Comic Review: The Mighty Skullkickers #1

The Mighty Skullkickers #1
Story by Jim Zub
Pencils by Edwin Huang
Inks by Edwin Huang and Kevin Raganit
Colors by Misty Coats and Mike Luckas
Color Flatting by Ludwig Olimba
Letters by Marshall Dillon
Covers by Edwin Huang and Jim Zub, Chris Stevens
Image Comics
Release Date: April 24, 2013
Cover Price: $3.50

The current Skullkickers story arc has been in many ways a commentary on mainstream comics. Although it may seem like I’m making a proverbial mountain out of a blood-soaked-talking-ape-heavy molehill, the team behind Skullkickers have done something that exposes the clearly visible cracks in the veneer that is modern comic publishing.

When DC’s New 52 announcement came down the pipes, most of us thought the same thing, “this is lame, they are just trying to sell more comics.” Then we bought all of them, and a solid portion were terrible. It’s these marketing gimmicks that Jim Zub and the Skullkicker’s team are lampooning with their current story arc. However, when writing commentary into any story, sometimes a plot and solid characters are sacrificed in the name of sticking it to the man. Luckily, the appropriately titled The Mighty Skullkickers #1 delivers a one-two punch of gorgeous art and wit-drenched writing.

The Mighty Skullkickers #1, much like the previous issues in this arc, follows a fairly standard plot. Characters are killed off and brought back to life while others battle all types of baddies on an island forgotten by time. It’s the type of story found in the pages of issue XYZ of Generic Superhero #500. Brilliantly however, by naming each issue with titles like “Mighty” and “Uncanny,” Zub and Image Comics are letting readers in on the joke. It’s the type of plot that is marketed endlessly by Marvel and DC without the slightest hint of self-awareness. Remember when Captain America died? Jesus, how could you forget? By wrapping this issue in the patented humor found among the pages of Skullkickers, Zub is taking this idea of marketing for readership and proving that story does not have to be sacrificed in the name of sales.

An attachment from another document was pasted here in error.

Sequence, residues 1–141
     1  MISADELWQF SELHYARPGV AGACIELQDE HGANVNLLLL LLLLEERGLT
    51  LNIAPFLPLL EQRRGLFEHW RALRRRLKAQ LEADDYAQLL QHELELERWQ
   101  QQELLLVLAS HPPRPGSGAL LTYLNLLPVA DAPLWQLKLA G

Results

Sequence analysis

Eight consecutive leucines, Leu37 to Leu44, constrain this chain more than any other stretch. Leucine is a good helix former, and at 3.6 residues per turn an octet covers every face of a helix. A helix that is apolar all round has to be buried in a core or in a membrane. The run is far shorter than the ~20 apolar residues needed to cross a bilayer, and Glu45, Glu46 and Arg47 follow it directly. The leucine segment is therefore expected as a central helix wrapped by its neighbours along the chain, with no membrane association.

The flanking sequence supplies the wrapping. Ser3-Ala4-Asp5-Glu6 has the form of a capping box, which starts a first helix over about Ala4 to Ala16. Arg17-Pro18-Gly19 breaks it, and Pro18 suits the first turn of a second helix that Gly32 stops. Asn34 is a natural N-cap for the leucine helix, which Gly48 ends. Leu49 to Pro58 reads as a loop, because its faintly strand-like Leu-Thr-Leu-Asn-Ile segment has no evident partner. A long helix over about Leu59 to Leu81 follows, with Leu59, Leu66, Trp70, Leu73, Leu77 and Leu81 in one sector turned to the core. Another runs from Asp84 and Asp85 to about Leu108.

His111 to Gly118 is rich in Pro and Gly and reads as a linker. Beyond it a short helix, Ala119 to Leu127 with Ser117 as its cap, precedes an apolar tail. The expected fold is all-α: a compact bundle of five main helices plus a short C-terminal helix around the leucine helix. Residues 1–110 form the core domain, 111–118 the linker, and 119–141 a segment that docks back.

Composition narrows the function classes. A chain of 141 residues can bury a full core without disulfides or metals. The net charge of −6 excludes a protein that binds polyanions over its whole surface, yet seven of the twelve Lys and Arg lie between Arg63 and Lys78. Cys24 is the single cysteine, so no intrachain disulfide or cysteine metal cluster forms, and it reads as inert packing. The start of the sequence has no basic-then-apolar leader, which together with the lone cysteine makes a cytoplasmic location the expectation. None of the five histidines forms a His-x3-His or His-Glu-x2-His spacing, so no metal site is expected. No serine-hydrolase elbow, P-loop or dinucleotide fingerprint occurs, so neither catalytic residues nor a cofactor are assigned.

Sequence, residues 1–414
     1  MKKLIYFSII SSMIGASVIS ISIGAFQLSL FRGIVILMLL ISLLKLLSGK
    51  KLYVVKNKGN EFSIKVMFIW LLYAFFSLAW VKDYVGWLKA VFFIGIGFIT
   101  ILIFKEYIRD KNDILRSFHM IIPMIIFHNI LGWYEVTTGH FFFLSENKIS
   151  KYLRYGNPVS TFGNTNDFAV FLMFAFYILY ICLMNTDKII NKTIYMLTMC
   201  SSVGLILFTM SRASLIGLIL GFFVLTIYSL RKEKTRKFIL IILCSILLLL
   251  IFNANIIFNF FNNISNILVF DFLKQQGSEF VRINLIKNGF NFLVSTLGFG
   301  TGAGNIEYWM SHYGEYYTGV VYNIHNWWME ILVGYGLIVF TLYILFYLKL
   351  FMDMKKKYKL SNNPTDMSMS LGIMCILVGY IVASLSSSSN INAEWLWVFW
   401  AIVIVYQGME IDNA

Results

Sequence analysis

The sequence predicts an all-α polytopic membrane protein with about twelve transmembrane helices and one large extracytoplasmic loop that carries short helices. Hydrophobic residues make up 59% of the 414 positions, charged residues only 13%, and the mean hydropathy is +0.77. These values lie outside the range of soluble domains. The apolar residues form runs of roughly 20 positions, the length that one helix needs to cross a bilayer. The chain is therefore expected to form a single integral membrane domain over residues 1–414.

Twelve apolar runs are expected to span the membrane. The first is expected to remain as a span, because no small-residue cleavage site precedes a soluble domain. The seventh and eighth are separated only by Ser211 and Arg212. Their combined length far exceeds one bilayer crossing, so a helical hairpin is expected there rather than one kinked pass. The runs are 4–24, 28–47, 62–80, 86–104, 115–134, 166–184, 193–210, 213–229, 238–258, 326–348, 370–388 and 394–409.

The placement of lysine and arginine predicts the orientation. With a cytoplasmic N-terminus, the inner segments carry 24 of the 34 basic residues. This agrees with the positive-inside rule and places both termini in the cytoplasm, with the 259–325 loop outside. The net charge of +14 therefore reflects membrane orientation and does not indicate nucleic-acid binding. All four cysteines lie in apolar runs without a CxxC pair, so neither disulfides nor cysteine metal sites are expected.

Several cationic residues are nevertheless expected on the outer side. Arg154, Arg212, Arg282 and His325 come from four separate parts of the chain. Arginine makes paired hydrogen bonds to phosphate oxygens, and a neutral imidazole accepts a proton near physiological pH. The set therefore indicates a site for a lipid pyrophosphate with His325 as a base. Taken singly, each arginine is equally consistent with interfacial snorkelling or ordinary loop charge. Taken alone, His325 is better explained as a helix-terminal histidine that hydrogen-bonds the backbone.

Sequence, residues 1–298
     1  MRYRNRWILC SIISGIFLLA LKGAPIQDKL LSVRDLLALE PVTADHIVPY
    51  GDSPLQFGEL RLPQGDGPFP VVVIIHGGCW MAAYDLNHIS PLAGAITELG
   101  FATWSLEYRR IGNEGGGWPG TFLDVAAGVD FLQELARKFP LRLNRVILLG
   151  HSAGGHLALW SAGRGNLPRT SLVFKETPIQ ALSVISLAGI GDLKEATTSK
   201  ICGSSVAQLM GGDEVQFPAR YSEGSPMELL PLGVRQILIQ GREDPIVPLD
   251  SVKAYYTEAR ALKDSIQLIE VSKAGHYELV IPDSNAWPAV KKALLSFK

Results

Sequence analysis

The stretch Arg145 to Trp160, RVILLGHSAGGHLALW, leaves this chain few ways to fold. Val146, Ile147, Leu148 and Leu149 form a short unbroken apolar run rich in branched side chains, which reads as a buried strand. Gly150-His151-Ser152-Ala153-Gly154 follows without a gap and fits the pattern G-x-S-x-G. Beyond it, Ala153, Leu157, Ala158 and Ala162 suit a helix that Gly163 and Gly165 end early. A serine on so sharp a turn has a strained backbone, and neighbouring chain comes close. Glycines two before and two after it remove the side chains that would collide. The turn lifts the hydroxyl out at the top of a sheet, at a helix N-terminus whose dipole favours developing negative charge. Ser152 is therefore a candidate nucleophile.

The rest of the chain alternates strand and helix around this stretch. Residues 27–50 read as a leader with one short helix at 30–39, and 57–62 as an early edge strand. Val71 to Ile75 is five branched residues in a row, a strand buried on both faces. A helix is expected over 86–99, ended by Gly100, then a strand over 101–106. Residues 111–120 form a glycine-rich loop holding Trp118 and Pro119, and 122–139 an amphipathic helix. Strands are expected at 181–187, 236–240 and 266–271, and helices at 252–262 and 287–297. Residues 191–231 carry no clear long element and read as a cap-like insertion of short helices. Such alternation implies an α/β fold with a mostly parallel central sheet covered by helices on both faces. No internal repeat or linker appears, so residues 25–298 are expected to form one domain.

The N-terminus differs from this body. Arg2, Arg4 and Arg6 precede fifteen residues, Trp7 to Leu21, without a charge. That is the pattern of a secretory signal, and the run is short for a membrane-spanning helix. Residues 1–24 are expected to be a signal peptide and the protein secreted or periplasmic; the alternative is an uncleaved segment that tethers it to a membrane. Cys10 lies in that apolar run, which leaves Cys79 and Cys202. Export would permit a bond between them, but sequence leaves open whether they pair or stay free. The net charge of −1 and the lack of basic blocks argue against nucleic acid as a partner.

Per usual, artist Edwin Huang blows this book apart with stunning visuals that include, but aren’t limited to: ape men, swinging axes, flamethrowers, gun fights and melon slicing. Week after week the Skullkickers asks much of Huang and week after week this very talented artist delivers in spades.

Mighty Skullkickers #1 is a solid addition to this comic’s already impressive run. This is a comic series that has proven that comedy and action books don’t have to adhere to a certain formula of ultra violence plus dick jokes to succeed. Skullkickers is the product of a young team of comic creators working at the height of their artistic and creative abilities. It’s a must read.

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